Fossano, the birth of a city
Fossano originated, as many of the medieval towns in lower Piedmont did, in the first three decades of the thirteenth century as a villa nova. It started off as an aggregation of guilds coming in from the surrounding lands who were soon joined by the collegiate of canons from the neighboring Roman town of Romanisium. An epigraph in sandstone, now part of the municipal building, attests the construction of the Sarmatoria gate in 1236, the first defensive structure of the town in its early decades.
In the podestarile age the new community settled on an elevated position, partly protected by the promontory under which the river Stura flows. Today one can walk along the natural defensive flanks of the ancient town: a congenial place from which one can admire the chain of the Maritime Alps and the hills of the Langhe.
The three neighborhoods of the old medieval village, the Borgo Vecchio, Salice and Piazza, were characterized by winding streets, low houses, and narrow porticos. The parish church of San Giorgio and the noble church of San Giovanni were the first to be built. Then came the Padano Gothic style church of the Madonna del Salice, subject to recent archeological investigations, and the now destroyed convent of San Francesco. The building expansion of the period developed on a straight road plant, with the palaces of the local patricians facing the street.
The domination of the princes of Savoia Achaia starting from 1314 influenced the expansion of the town and led to the construction of the castle, as well as the construction of the defensive walls in the sixteenth century. The bastion of the Salice testifies the ancient imposing fortress of Fossano, which was promoted to the rank of city in 1566. It was considered one of the most significant strongholds and urban centers of the Duchy of Savoy.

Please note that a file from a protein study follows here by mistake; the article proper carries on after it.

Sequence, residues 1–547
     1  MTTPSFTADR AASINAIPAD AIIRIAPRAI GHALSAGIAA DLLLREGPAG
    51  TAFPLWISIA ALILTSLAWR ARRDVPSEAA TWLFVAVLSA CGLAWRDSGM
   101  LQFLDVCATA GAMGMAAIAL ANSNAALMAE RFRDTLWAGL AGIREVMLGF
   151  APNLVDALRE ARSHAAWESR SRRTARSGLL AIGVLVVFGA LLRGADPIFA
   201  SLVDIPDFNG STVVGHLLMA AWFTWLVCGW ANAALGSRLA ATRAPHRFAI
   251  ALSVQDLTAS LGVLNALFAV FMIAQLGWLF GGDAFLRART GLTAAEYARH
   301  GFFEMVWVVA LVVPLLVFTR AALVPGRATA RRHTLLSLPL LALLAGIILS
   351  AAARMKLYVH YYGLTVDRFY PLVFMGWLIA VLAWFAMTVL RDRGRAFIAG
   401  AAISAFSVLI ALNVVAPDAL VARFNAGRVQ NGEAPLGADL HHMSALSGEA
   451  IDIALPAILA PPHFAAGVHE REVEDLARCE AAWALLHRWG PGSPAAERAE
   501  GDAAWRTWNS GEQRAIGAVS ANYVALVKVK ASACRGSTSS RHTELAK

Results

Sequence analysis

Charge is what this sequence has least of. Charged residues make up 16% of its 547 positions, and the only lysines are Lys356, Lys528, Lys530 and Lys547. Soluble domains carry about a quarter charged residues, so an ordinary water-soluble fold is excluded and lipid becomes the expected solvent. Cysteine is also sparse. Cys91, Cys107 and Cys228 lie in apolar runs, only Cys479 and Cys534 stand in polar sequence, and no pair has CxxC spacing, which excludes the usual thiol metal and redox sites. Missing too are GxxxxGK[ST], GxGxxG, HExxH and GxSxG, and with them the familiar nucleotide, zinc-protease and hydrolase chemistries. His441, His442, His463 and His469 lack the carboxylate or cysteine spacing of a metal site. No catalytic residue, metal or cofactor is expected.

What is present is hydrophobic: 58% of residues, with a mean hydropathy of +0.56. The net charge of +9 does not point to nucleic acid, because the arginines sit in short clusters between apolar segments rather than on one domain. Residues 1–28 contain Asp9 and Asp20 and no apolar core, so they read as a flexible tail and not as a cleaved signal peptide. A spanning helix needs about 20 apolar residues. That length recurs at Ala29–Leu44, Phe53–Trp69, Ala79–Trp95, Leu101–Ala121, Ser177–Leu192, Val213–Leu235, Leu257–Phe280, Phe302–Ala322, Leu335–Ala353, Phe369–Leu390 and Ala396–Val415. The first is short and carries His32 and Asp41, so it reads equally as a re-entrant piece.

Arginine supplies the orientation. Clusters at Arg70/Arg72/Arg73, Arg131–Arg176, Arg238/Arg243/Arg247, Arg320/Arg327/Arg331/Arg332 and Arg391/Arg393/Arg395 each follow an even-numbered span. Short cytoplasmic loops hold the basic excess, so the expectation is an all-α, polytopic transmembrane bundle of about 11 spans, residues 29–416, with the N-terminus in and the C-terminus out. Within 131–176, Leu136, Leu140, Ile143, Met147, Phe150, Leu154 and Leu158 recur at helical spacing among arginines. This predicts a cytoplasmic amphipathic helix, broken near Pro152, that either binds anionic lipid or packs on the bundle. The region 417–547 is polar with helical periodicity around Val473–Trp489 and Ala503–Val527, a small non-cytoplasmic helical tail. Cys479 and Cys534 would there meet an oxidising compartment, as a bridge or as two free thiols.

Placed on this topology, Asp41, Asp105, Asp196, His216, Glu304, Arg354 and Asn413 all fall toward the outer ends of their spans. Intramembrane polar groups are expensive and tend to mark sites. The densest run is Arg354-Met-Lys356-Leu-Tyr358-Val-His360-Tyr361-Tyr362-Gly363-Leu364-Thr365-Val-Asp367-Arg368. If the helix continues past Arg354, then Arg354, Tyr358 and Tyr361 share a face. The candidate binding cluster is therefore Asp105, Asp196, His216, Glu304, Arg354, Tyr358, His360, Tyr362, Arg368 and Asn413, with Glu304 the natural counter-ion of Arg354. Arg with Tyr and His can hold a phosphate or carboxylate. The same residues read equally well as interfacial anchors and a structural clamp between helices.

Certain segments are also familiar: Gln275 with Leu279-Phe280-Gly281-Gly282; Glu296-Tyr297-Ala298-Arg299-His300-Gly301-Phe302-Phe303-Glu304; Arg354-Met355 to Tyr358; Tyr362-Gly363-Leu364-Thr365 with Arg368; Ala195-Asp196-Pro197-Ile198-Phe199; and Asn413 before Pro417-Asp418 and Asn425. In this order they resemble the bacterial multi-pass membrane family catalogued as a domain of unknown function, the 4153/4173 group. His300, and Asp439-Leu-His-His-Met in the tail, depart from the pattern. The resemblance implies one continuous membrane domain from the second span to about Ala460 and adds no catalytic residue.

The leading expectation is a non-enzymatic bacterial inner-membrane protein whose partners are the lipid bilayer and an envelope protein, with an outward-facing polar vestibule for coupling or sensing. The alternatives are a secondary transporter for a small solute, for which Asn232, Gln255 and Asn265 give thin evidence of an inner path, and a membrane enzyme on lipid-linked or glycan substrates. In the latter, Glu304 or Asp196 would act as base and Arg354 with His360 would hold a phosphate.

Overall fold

Its upgrade to diocese at the end of the sixteenth century and the flourishing agricultural economy favored the establishment of religious orders in the subsequent centuries, of a college for nobility, of the Royal Hospice of Charity, of silk and other factories. Industry was favored throughout the Old Regime by the dense water network which, was channeled under the initial orders of Emanuele Filiberto in 1568.
It is the most fervid period for art and architecture: the Baroque church of San Filippo, the eighteenth-century Trinity, the adjoining monumental hospital designed by Francesco Gallo, the church of Saint Anthony designed by Vittone, the bishop’s seminary which now houses the diocesan museum of sacred art, and the new Quarinian cathedral consecrated in 1791 were all built around that time.